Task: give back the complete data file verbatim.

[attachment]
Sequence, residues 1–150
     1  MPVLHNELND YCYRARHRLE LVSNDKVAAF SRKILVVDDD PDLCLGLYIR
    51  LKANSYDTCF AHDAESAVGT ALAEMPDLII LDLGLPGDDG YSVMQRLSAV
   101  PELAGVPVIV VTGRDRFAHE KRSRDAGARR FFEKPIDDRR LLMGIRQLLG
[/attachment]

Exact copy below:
Sequence, residues 1–150
     1  MPVLHNELND YCYRARHRLE LVSNDKVAAF SRKILVVDDD PDLCLGLYIR
    51  LKANSYDTCF AHDAESAVGT ALAEMPDLII LDLGLPGDDG YSVMQRLSAV
   101  PELAGVPVIV VTGRDRFAHE KRSRDAGARR FFEKPIDDRR LLMGIRQLLG